Argentine Jorge Valdano has held numerous positions at Real Madrid since making the move from Zaragoza in 1984. His two league titles as a player and one as a manager mean he has certainly played his part in the side's success.
On the pitch, the tall striker averaged around a goal every two matches in his three years in white, and Raul even named his first son after the forward, via Wikipedia.
His two years as manager saw him win the league at the first attempt, after coaching the youth side previously.
He then took up roles as a sporting director, director general and presidential aide at the club.
It's fair to say that due to these responsibilities, when he talks on issues surrounding Los Blancos, people take notice.
During a book tour of Guatemala, Valdano declared to a local newspaper, per Marca (via Football Espana): "[Mourinho's time] was below the historical average of Madrid."
Here he was referring to trophies attained whilst the Portuguese coach was at the helm. He could have chosen to pour scorn on the team's attractiveness or some of the manager's off-field tactics, but instead he aimed his assault at titles won during his tenure.
Fine margins determine whether teams win tournaments or not, but being in the semi-finals for three consecutive seasons of the Champions League—after six years failing to get past the last 16—is an improvement to delivering that elusive 10th European Cup.
Valdano and Mourinho's spat in 2010/11 appears to still grate on the Argentine. "If I have to step away for Mourinho to feel more comfortable, so be it," Valdano told reporters as he exited in May 2011, per ESPN.
Whether Mourinho was successful or not in the capital is a topic of contention among supporters. If it's based on ending the club's hunt for La Decima or stopping Barcelona's prolonged dominance, then it's a no.
If it was to break up their rivals' supremacy, win trophies and make Madrid competitive once more in the biggest of tournaments, then it's clearly a yes.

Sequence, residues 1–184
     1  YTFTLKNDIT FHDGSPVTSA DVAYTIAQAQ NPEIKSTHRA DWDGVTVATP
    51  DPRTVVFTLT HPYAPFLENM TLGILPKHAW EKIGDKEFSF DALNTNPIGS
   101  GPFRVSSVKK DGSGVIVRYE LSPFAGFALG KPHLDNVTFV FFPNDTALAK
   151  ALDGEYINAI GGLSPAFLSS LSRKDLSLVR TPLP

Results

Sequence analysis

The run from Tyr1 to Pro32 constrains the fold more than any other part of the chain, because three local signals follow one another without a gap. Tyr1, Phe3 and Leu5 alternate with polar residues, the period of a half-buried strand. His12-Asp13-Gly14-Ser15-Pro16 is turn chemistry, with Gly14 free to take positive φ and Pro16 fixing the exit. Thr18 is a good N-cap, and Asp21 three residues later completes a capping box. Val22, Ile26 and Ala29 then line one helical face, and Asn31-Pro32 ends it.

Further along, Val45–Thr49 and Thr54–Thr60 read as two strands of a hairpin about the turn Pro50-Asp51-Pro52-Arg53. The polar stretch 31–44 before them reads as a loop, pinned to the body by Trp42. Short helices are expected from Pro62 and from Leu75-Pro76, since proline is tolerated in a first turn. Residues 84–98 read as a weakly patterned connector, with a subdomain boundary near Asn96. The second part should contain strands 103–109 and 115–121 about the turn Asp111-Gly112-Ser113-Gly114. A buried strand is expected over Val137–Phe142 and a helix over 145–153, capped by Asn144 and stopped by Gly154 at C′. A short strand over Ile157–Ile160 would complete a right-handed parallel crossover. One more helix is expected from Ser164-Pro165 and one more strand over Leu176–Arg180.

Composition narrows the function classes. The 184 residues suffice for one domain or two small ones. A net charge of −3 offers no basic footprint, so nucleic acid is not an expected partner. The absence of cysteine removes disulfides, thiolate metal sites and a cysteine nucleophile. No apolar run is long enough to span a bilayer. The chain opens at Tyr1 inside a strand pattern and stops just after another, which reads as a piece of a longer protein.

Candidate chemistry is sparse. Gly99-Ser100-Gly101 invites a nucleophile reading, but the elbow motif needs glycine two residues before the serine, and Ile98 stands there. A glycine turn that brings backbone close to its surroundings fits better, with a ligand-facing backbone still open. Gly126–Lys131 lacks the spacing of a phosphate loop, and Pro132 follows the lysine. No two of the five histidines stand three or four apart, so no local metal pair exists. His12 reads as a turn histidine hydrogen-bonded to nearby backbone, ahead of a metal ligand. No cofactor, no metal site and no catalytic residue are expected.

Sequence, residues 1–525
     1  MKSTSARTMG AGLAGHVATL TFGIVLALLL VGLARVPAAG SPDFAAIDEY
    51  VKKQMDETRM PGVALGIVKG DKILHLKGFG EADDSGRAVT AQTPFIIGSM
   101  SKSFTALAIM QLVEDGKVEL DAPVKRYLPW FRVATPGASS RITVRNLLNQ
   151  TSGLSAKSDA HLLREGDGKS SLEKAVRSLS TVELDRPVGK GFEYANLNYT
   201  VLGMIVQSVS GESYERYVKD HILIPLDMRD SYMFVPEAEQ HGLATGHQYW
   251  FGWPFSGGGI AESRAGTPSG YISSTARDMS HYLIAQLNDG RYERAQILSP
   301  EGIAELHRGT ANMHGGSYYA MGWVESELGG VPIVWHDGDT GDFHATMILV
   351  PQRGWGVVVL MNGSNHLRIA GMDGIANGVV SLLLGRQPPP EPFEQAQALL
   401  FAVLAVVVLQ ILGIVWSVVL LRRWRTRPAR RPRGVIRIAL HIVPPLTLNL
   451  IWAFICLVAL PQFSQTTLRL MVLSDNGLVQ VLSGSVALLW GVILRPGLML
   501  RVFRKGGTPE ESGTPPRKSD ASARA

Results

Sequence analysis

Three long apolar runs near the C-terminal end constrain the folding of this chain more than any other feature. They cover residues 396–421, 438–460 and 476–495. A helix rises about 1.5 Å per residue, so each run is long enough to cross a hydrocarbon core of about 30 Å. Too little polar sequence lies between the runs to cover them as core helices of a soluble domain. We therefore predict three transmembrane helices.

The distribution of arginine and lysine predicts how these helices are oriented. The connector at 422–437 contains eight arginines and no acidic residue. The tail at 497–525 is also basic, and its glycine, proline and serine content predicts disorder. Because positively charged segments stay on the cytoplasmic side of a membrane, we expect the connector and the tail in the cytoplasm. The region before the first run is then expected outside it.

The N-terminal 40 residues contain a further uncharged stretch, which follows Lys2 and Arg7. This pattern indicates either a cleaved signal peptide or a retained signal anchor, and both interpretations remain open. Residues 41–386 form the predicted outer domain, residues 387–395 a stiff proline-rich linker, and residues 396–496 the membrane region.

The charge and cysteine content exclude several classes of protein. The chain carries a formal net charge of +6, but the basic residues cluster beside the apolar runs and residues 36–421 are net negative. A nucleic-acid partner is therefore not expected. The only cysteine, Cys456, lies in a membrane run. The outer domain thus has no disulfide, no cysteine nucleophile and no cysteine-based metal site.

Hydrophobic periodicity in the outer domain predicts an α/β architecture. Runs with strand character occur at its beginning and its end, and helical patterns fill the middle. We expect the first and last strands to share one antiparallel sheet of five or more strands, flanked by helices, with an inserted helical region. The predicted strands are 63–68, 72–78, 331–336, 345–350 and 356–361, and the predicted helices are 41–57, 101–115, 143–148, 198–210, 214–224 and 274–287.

Madrid won three titles in Mourinho's three years at the Bernabeu—the Copa del Rey in 2011, the Supercopa de Espana in 2012 and the Primera Division title in 2011/12.
Valdano should be more wary of his own performance as manager when belittling others. They may have been completely different eras, but the parallels in the comparison are worthwhile. Valdano broke a run of four straight titles for Johan Cruyff's Barcelona, whilst Mourinho did the same to Pep Guardiola's side that had three consecutive league wins.
Valdano won the league in his debut season, 1994/95, but that was with 55 points over a 38-game campaign. The club has not fallen below 62 points since under any manager for a full season of equal length, via Wikipedia.
His second campaign saw him removed in January with the club sitting eighth in the table. "This is not a failure, but an eventuality of life," said Valdano at the time, sounding remarkably similar to the man he tries to criticise, via Real Madrid News.
In Europe, Valdano was the last coach to manage Real Madrid in the UEFA Cup, now known as the Europa League, as they were knocked out in the third round, via UEFA.com.
The comment of historical context was no doubt flippant, but as the club will be 112 years old on Thursday, it's worth looking at the trophies attained overall. A total of 32 La Liga triumphs is more than one in three years, and 18 Copa del Reys is closer to one in six.
The two are more similar than either would be willing to admit, and perhaps that's the root to their ongoing public dispute.
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